(Updated May 5, 2020) | The U.S. may face widespread meat shortages as a result of the coronavirus (COVID-19) pandemic.
Major retailers including Costco and Kroger have restricted meat purchases, likely anticipating shortages. Costco announced a limit on three packages of fresh beef, pork, and poultry per customer. Kroger is now restricting ground beef, fresh pork, and fresh poultry to two packages per customer.
Smithfield Foods—the world’s largest pork producer—announced in mid-April that it was shutting its pork-processing facility in Sioux Falls, South Dakota after workers tested positive for the coronavirus.
Representing four to five percent of U.S. pork production, the plant is one of the largest pork processing facilities in the country. The Sioux Falls facility reopened in early May following President Donald Trump’s executive order for slaughterhouses and processing plants to remain open.
Smithfield isn’t the only meat-processing plant that the pandemic has impacted. Both Tyson Foods and National Beef Packing have suspended operations in their respective Iowa meat-processing plants.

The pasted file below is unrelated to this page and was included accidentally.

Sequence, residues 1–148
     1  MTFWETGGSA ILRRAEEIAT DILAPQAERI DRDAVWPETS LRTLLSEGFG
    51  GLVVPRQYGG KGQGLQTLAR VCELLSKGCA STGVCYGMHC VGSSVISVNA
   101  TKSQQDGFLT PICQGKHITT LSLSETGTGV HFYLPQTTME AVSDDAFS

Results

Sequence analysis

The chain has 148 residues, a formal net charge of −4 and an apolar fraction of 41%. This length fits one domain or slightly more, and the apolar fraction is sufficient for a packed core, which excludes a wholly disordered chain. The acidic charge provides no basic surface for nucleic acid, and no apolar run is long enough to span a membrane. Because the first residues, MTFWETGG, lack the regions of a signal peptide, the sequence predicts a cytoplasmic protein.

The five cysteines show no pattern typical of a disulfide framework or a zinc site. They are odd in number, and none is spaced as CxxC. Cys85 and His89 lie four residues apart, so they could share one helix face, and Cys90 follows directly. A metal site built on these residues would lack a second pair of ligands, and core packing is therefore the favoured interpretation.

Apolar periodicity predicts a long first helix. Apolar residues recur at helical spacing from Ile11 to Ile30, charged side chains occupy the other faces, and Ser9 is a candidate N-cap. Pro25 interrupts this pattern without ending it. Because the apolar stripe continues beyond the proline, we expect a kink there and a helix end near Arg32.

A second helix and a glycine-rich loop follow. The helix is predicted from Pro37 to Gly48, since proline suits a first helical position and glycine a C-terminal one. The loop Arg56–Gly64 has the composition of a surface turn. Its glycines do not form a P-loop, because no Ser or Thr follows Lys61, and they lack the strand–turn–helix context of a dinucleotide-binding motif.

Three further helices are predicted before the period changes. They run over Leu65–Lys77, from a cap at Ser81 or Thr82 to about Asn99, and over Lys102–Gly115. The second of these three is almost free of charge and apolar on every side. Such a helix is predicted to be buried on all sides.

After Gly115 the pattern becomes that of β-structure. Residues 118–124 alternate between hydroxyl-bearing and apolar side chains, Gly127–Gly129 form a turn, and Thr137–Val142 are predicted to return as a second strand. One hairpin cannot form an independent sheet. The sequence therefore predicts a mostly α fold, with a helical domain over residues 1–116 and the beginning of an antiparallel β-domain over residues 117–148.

In a statement, Smithfield Foods’ president and chief executive officer Kenneth M. Sullivan warned the closures may result in severe meat shortages across the country.
“The closure of this facility, combined with a growing list of other protein plants that have shuttered across our industry, is pushing our country perilously close to the edge in terms of our meat supply,” he said.
“It is impossible to keep our grocery stores stocked if our plants are not running. These facility closures will also have severe, perhaps disastrous, repercussions for many in the supply chain, first and foremost our nation’s livestock farmers,” he added.
COVID-19 and the Dairy Industry
The nation’s meat industry is not the only market the coronavirus outbreak is affecting. Many dairy farmers have dumped milk due to a drastic decline in demand due to the pandemic.
To limit the spread of COVID-19, countless schools and restaurants across the country have been forced to close. Supermarkets have also had to enforce purchase limits on certain products—such as milk—due to panic buying. As a result of these factors, the demand for dairy products has been hit hard.
“We’re seeing a demand decrease of approximately 12 to 15 percent across the entire United States,” Jennifer Huson of the Dairy Farmers of America said during a dairy industry call this week—according to NBC News.
“And those demand changes are resulting in a lot of uncertainty,” she added.